At the turn of this year, Shlohmo’s dad asked him, “half-jokingly and half-mad,” why he uses the same hi-hat on every song. Shlohmo said, “I don’t know, dad. Fuck.” Actually, it’s an element of his music that he’s contemplated a lot. Recently returned from his first Australian tour, the 23-year-old producer, born Henry Laufer, gets closest to explaining its significance when describing the music of tourmate Holy Other. “One of [his] songs has these snaps,” he says. “It’s such a time capsule of emotion: fucking really blunt teenage angst. I don’t think anyone growing up when we grew up can not have an association with that sound. It’s kind of like that for me with those hi-hats.” For the Los Angeles-born musician, the device recalls a formative moment in his musical coming-of-age: the idiosyncratic, “half-time, double-time” storytelling of Timbaland-era R&B that soundtracked his childhood. Later, as a teenager, he experienced the experimental looseness of Flying Lotus’ Los Angeles dance night, Low End Theory. Both have gifted him with an acute grasp of the emotional short-cuts of sonics.
Shlohmo’s 2011 debut LP, Bad Vibes, saw him building beats from “layers and layers” of samples of recorded instruments and found sound. But on his new EP, Laid Out, he’s stripped things back to “pretty much all synths and drum machine,” and found a more affecting voice. Of the evolution, he says, “I can make stuff sound real and warm and earthy and whatever the fuck. I did that [with Bad Vibes]. But I think I’m going the opposite way: more stark, spaced out, just very blunt sounds.” The EP is led by the strung-out ballad, “Don’t Say No,” featuring How to Dress Well’s Tom Krell, a collaboration that makes perfect sense given their affinity for rawness. Then there’s “Later,” which uses a vocal sample that sounds like a warped violin, distorted to the point of incoherence and so desperately emotional that you can’t decide whether to lean into or reel from the speakers. “That’s my favorite feeling: devastating and wonderful at the same time,” he says. “Like watching a train wreck.”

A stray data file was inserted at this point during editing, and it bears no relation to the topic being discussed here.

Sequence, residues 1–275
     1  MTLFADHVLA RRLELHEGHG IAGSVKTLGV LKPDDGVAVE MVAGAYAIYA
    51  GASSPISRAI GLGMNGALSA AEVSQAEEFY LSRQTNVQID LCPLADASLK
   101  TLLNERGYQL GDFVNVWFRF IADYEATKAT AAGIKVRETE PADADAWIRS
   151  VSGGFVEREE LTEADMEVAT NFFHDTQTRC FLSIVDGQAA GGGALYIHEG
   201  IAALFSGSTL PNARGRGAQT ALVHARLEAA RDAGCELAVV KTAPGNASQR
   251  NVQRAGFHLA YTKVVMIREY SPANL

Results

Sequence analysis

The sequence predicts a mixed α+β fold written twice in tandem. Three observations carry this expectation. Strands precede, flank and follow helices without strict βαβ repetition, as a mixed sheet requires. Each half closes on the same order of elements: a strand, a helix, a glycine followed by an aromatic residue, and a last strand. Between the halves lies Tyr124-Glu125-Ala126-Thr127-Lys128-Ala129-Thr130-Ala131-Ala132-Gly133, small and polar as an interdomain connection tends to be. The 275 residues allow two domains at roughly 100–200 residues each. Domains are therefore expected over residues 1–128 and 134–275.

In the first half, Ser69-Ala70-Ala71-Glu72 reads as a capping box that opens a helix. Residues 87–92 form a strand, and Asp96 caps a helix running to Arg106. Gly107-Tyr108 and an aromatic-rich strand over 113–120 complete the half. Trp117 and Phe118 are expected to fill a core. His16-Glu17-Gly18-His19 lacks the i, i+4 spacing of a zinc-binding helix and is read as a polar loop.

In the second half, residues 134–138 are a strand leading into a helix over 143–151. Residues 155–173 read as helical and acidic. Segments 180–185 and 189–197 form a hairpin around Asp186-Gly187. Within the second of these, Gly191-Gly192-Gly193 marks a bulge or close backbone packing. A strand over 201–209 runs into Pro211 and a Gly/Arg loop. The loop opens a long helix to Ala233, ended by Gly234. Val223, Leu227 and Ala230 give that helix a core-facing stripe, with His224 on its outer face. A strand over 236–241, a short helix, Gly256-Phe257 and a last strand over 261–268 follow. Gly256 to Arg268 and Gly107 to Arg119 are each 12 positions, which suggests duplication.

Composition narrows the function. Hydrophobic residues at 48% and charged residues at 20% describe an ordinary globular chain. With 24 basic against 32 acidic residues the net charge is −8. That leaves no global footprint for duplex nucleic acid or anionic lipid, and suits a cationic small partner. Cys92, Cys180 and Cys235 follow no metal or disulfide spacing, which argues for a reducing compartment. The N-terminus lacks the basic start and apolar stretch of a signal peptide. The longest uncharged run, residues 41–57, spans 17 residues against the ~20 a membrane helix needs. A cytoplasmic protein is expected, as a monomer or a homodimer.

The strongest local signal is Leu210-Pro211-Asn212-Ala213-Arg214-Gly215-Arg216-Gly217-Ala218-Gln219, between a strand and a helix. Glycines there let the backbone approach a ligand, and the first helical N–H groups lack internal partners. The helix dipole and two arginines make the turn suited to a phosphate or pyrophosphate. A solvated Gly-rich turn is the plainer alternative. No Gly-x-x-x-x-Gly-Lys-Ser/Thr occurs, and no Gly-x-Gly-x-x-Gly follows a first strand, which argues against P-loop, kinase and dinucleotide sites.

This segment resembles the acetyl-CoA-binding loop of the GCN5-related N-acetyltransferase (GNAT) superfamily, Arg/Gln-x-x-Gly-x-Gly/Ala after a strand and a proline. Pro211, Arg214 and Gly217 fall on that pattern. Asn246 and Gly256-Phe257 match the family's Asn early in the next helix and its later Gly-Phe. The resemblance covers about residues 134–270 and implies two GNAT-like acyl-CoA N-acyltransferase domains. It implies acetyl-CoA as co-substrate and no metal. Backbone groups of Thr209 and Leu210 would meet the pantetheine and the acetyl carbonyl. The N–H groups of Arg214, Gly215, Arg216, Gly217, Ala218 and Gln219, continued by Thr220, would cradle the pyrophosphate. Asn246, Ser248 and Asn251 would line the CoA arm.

For Shlohmo, it’s a feeling he sees as particular to his hyper-connected generation. “Something that I’m really interested in is the apathy and the futility in how we approach pretty much everything,” he says. This sense of disconnection—fueled partly by an uncertainty about “what’s actually running the world” today, partly a nostalgia for more confident times—resonates throughout Laid Out. It’s there in the collision of his beloved hi-hat—sharp with shared memories of Timbaland’s era-defining reign—with blunt-edged, brain-clouding bass. While he knows he’s not the only one tapping into that wasted R&B aesthetic, the rich sonic narratives on Laid Out point to a producer on the cusp of being a skilled songwriter, with the sort of self-deprecating streak that keeps him second-guessing his own evolution. “Every three or four years there’s a new renaissance of people who are good at representing their generation, and I think I just kinda came into place as one of those for the 1990s kids,” he says. “Hopefully, I actually have an adept eye or ear and I can continue commenting on things with music but, y’know, people get old and shitty and don’t know what they’re talking about anymore.” Still, if he continues sharpening his composition chops, there’s a good chance somebody will be feeling nostalgic for Shlohmo’s hi-hats one day.